Unfortunately, a most valuable resource such as soil has been adversely impacted by industrial agricultural practices such as intensive tillage and mono-cropping. Tillage results in wide-scale soil erosion, because it destroys the protective ground cover from the soil system, destroying the root systems that hold soil together. Since soil formation is a very gradual process, erosion becomes a major concern; because erosion quickly causes farmland to become unsuitable for agriculture, and in extreme cases, it causes desertification, where in the soil becomes so barren that it cannot support plant growth. In the last 40 years, 30 per cent of the world’s arable land has become unproductive due to erosion!
The other industrial agricultural practice is mono-cropping, which demands the application of fertilizers, and in most cases it is applied in excess. This leads to depletion of naturally occurring nutrients, and contamination of soils and waterways. In this way it has drastically altered the nutrient management practices used on farms. We know that in the current time, industrial farms no longer raise animals and crops together; instead, livestock are raised on enormous concentrated animal feeding operations (CAFOs). Since these CAFOs are located at a distance, it becomes expensive to transport the animal manure to the farms. So these large scale industrial farms depend on synthetic, chemical fertilizers to support this intensive mono-crop system. In most cases, synthethic fertilizers are over-applied to crop land. It’s estimated that only about half the fertilizers are actually absorbed by plants, the remaining chemicals pollute the atmosphere, soils and waterways.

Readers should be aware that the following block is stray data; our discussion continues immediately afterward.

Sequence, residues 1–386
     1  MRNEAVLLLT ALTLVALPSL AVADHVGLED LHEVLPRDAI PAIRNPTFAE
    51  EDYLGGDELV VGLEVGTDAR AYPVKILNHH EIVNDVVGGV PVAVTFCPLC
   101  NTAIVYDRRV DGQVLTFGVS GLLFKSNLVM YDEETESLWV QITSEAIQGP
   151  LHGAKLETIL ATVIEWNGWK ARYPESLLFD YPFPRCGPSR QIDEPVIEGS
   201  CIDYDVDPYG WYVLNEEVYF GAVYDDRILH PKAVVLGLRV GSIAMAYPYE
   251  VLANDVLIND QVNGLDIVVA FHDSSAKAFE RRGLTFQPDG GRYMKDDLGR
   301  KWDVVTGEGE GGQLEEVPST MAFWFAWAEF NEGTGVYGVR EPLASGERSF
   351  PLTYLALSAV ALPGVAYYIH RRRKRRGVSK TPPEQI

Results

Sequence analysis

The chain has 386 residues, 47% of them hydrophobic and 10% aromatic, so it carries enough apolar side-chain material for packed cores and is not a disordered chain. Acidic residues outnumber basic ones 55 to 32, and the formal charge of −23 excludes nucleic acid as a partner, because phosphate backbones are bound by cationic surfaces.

Erosion of soil can be significantly reduced through sustainable agricultural practices. The most effective way is to cover it with plants and/or decaying organic matter in order to protect it from rain and wind. While industrial farms lose tons of soil because of intensive tillage, sustainable farmers have successfully reduced erosion by adopting conservation tillage techniques. In addition to reducing erosion, conservation tillage enables soil to retain more moisture, reduces soil crusting, and allows organic materials such as leaves and plants to accumulate over time, helping restore nutrients to the soil.